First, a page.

Arctic veteran praises NHS after heart scare

Commander Eddie Grenfell at The Royal Naval War Memorial on Southsea Common
Commander Eddie Grenfell at The Royal Naval War Memorial on Southsea Common
Devida Bushrod (front) with (l-r) Maddy Bushrod (13),  Devida's husband Jason, Mark Loudon (nine), mum Sarah Loudon, Ruth Loudon (10), and Angela Kerfoot. Picture Ian Hargreaves  (171556-1)

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ARCTIC Convoy veteran Commander Eddie Grenfell has praised doctors who helped save his life after he suffered a heart attack.

Cdr Grenfell, 92, was taken ill after a ceremony in Whitchurch, north Hampshire, where he received a medal from residents for his bravery during the Second World War.

As previously reported, two nurses who were at the scene rushed to his aid and he was revived by paramedics before being taken by ambulance to the Basingstoke and North Hampshire Hospital.

Cdr Grenfell, from Portsea, was treated on the coronary care unit and discharged from hospital on Thursday after five days in hospital.

He said: ‘It was quite serious. As a matter of fact my heart stopped for two minutes.

‘I wasn’t conscious of it but they had to use electric shock treatment to get my heart going again.

‘When I arrived in the hospital I was in a bad way but I must say that the NHS is absolutely wonderful. I think they were absolutely tremendous.

‘I would like to thank everyone who helped to care for me.’

Cdr Grenfell survived the bombing of his ship, the Empire Lawrence, in 1942 and spent 10 minutes in the icy waters before being rescued.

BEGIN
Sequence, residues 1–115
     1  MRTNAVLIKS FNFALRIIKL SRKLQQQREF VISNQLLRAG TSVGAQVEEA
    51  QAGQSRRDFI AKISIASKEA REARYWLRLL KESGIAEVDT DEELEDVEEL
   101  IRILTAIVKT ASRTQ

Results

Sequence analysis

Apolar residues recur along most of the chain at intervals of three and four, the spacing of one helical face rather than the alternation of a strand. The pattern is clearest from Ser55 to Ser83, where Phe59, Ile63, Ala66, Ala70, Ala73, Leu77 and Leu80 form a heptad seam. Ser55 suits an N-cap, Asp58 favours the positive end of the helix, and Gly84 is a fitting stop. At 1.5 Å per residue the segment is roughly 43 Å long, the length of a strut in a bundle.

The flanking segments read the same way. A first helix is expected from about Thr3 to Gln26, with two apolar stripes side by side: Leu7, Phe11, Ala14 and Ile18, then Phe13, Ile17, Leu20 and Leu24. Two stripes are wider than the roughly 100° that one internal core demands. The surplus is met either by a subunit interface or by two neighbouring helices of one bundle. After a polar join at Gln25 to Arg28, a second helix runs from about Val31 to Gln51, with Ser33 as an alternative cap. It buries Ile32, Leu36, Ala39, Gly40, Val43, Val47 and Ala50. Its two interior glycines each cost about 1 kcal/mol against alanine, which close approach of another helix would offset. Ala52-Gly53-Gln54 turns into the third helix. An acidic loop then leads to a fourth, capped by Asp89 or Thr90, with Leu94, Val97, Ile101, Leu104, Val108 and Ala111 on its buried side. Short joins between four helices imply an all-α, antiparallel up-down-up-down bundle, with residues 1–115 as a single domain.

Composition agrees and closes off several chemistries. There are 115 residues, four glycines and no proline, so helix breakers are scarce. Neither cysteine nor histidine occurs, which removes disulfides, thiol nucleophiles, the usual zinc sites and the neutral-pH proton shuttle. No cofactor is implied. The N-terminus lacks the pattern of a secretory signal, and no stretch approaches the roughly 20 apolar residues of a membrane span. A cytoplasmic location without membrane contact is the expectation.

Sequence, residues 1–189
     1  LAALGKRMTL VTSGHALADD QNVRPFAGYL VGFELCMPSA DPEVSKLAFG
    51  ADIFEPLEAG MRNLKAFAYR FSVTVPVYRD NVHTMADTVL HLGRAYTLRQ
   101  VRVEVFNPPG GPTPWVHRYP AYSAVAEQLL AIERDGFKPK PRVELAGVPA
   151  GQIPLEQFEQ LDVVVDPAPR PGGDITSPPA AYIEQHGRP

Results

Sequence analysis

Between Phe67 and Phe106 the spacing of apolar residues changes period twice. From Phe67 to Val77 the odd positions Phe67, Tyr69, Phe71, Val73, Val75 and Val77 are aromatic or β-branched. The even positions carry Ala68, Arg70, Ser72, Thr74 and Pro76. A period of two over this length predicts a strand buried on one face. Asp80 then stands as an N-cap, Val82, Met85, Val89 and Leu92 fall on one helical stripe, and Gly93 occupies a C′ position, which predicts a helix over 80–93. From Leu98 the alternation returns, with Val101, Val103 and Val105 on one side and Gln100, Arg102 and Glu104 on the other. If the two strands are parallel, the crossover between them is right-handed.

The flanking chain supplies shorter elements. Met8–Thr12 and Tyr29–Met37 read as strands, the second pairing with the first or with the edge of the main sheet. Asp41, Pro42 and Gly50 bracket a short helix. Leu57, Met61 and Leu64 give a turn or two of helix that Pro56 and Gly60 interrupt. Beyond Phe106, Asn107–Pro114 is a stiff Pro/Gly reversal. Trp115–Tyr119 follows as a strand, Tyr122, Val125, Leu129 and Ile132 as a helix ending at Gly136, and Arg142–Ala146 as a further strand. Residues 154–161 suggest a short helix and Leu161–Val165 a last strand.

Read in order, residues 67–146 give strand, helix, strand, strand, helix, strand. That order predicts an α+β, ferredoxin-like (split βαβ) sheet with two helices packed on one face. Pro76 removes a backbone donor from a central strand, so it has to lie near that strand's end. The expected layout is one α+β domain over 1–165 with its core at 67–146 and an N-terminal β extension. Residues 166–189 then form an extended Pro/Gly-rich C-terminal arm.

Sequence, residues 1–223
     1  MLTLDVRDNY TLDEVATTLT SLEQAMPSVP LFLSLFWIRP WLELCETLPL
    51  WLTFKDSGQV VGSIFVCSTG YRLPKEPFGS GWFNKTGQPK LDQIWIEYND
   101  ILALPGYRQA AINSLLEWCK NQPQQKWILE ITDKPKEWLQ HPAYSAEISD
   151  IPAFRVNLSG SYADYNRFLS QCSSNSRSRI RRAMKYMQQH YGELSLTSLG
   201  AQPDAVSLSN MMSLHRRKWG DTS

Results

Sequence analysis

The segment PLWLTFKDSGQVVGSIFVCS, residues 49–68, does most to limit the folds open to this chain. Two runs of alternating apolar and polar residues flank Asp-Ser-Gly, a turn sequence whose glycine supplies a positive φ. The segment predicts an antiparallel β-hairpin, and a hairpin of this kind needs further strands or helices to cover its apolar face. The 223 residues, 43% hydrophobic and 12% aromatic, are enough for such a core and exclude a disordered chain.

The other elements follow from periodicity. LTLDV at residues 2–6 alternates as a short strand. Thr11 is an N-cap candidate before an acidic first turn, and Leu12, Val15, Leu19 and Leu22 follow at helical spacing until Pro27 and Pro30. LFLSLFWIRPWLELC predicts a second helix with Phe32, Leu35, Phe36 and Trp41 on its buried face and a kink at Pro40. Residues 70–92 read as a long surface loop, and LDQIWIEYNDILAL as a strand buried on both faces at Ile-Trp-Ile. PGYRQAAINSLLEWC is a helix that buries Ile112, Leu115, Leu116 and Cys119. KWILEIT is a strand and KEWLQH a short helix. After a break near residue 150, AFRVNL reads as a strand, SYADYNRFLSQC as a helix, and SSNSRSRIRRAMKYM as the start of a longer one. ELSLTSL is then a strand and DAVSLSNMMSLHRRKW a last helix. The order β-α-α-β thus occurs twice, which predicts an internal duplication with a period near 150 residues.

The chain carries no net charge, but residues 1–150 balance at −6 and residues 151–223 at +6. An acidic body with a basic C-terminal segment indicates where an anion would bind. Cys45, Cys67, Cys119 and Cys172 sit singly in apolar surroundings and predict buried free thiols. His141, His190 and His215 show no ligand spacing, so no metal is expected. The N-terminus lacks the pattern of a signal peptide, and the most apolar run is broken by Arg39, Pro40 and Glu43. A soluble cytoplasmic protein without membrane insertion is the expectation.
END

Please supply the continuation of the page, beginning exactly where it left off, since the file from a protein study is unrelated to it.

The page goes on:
He has fought tirelessly for recognition in the form of a medal for the 66,000 heroes who served in the Arctic Convoys during the Second World War.

The convoys delivered supplies to Russia between 1941 and 1945.

During their trips to ports in the Arctic Circle, 3,000 of their comrades died.

Cdr Grenfell, who has led the Arctic Medal campaign since launching it in 1997, now says he plans to take things a little easier.

He added: ‘I have been pretty fit all my life. I have had a couple of heart scares before but they weren’t so very bad.

‘I’m in my 93rd year, before this happened I just had a feeling I was going to go on forever. Now I know I’m not as strong as I thought I was. I do realise that I have to take it easy.’

Cdr Grenfell’s daughter Trudie said: ‘It’s wonderful to have him home. I will be happy when he gets a little more energy back and is back a bit to his normal self.’